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How to Manage Pests

UC Pest Management Guidelines


Olive

Leaf Spot

Pathogen: Mycocentrospora (=Cercospora) cladosporioides

(Reviewed 1/08, updated 1/08)

In this Guideline:


SYMPTOMS AND DAMAGE
Leaf spot causes the leaves to appear slightly chlorotic (some varieties show more chlorosis than others). The undersides of some leaves become discolored with the conidial stage of the fungus, which appear to be covered with black dust. These leaves may fall, causing some defoliation in some cases. Fruit can also develop small, brown lesion spots and not mature uniformly.

COMMENTS ON THE DISEASE

This disease has been documented in coastal areas with humid growing conditions. The disease cycle seems to be similar to that of peacock spot.

Outbreaks are sporadic, and the disease may take several years before it becomes serious enough to cause economic damage. Not all infected leaves fall from the tree, and the fungus survives in those that remain on the tree. Leaf lesions on these infected leaves have a white, crusty appearance. The margins of these lesions enlarge in fall, and a new crop of spores develops there. New infections are associated with rainfall and mostly occur during winter. By summer, most diseased leaves have fallen from the trees, leaving partially defoliated shoots with mostly healthy foliage remaining. High temperatures restrict spore germination and growth, thus the disease is inactive during the warm, dry summers in California.

MANAGEMENT

In coastal areas of Europe, where experience with this disease has been greater than in California, leaf spot is more difficult to control than peacock spot and requires more stringent treatment. In cool, wet areas, apply preventive treatments to olive trees after harvest but before winter rains begin and again in spring if wet, rainy weather persists.

Common name Amount to Use R.E.I.+ P.H.I.+
(trade name)   (hours) (days)

  Calculate impact of pesticide on air quality
When choosing a pesticide, consider information relating to environmental impact. Not all registered pesticides are listed. Always read label of product being used.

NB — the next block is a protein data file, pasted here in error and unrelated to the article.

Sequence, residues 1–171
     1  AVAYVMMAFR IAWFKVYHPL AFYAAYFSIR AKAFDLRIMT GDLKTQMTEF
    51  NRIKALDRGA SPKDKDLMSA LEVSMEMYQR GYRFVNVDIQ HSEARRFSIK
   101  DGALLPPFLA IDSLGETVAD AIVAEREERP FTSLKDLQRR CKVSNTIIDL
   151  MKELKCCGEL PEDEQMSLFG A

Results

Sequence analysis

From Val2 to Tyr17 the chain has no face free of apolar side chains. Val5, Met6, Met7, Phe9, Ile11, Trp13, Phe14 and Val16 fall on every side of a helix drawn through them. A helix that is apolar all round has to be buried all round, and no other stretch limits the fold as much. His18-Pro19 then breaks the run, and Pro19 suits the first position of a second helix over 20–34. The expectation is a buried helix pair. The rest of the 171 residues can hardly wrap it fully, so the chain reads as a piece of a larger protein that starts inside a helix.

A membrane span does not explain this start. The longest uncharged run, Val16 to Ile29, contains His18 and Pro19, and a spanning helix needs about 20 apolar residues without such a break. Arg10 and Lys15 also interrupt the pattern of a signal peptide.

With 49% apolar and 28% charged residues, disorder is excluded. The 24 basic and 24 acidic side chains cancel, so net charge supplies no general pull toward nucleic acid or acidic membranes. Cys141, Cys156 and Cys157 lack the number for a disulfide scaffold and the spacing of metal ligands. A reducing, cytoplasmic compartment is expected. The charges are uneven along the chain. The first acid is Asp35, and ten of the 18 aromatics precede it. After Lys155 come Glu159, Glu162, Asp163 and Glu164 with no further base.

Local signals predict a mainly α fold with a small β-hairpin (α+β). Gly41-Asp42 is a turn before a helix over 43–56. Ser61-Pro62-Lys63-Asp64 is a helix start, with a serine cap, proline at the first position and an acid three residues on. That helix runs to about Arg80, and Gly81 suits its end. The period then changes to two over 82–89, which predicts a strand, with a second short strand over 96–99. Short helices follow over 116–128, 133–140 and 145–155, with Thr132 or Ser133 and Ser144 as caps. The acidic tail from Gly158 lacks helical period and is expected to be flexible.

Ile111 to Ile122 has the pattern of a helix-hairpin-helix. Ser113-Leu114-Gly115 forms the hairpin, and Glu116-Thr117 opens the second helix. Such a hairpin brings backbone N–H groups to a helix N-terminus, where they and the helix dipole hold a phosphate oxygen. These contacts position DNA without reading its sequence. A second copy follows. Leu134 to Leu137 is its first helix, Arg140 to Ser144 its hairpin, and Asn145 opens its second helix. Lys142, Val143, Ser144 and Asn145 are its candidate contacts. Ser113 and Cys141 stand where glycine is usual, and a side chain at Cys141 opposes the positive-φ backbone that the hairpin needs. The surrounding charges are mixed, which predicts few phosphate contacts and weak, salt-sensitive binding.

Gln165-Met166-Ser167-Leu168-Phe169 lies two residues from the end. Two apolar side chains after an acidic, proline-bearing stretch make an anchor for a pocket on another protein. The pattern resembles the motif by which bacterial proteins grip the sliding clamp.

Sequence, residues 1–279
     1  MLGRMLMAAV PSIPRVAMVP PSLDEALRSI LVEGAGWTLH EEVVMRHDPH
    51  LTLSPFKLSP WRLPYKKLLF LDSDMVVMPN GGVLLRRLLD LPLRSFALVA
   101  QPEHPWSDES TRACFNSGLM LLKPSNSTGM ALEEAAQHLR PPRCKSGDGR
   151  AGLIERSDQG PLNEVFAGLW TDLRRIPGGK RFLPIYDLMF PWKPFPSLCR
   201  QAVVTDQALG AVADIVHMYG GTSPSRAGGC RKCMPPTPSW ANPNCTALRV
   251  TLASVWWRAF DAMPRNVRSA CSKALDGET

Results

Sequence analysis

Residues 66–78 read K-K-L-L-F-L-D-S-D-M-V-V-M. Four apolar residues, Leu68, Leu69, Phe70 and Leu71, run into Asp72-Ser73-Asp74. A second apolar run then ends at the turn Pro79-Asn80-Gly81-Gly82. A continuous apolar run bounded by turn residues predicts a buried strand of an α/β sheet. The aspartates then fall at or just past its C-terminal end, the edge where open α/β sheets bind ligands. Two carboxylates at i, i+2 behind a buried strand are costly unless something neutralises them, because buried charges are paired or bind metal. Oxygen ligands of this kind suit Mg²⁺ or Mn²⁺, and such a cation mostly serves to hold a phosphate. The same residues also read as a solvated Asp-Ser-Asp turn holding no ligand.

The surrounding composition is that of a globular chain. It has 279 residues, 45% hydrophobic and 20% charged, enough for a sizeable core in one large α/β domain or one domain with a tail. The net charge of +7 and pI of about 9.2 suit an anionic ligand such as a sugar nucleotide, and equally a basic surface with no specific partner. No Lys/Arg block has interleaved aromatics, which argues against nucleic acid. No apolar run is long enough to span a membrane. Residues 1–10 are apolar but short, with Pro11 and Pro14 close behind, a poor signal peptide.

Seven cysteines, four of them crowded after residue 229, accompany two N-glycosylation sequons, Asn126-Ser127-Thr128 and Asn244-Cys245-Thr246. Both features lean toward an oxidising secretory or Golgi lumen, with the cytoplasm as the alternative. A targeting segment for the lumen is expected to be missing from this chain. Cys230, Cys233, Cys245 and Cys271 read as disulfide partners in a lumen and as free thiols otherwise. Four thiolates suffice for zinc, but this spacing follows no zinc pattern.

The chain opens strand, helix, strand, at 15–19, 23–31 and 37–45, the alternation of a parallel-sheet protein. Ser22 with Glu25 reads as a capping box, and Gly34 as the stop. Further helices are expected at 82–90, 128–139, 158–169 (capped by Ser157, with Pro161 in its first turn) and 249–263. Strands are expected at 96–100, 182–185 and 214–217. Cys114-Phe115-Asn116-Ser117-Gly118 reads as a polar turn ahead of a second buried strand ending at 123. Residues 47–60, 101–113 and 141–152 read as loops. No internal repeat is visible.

CAUTION: Application of methidathion with, or closely following, a fungicide containing lime will negate the insecticide's effectiveness. Apply methidathion before fungicides containing lime are applied.
 
A. BORDEAUX MIXTURE# Label rates see labels see labels
  MODE OF ACTION GROUP NAME (NUMBER1): Multi-site contact (M1)
  COMMENTS: For information on making Bordeaux mixtures, see UC IPM Pest Note: Bordeaux Mixture, ANR Publication 7481. When used on organically grown produce, all ingredients must be certified organic. Observe the most restrictive label precautions and limitations of all products used.
 
B. FIXED COPPER#
  (Various) Label rates 24 see labels
  MODE OF ACTION GROUP NAME (NUMBER1): Multi-site contact (M1)
  COMMENTS: Not all copper compounds are approved for use in organic production; be sure to check individual products.
 
 
+ Restricted entry interval (R.E.I.) is the number of hours (unless otherwise noted) from treatment until the treated area can be safely entered without protective clothing. Preharvest interval (P.H.I.) is the number of days from treatment to harvest. In some cases the REI exceeds the PHI. The longer of two intervals is the minimum time that must elapse before harvest.
Acceptable for use on organically grown produce.
1 Group numbers are assigned by the Fungicide Resistance Action Committee (FRAC) according to different modes of actions (for more information, see http://www.frac.info/). Fungicides with a different group number are suitable to alternate in a resistance management program. In California, make no more than one application of fungicides with mode of action Group numbers 1, 4, 9, 11, or 17 before rotating to a fungicide with a different mode of action Group number; for fungicides with other Group numbers, make no more than two consecutive applications before rotating to fungicide with a different mode of action Group number.

[Precautions]

PUBLICATION

[UC Peer Reviewed]

UC IPM Pest Management Guidelines: Olive
UC ANR Publication 3452
Diseases
L. Ferguson, Pomology, UC Davis
P. M. Vossen, UC Cooperative Extension, Sonoma County
Acknowledgment for contributions to Diseases:
B. L. Teviotdale, Kearney Agricultural Center, Parlier

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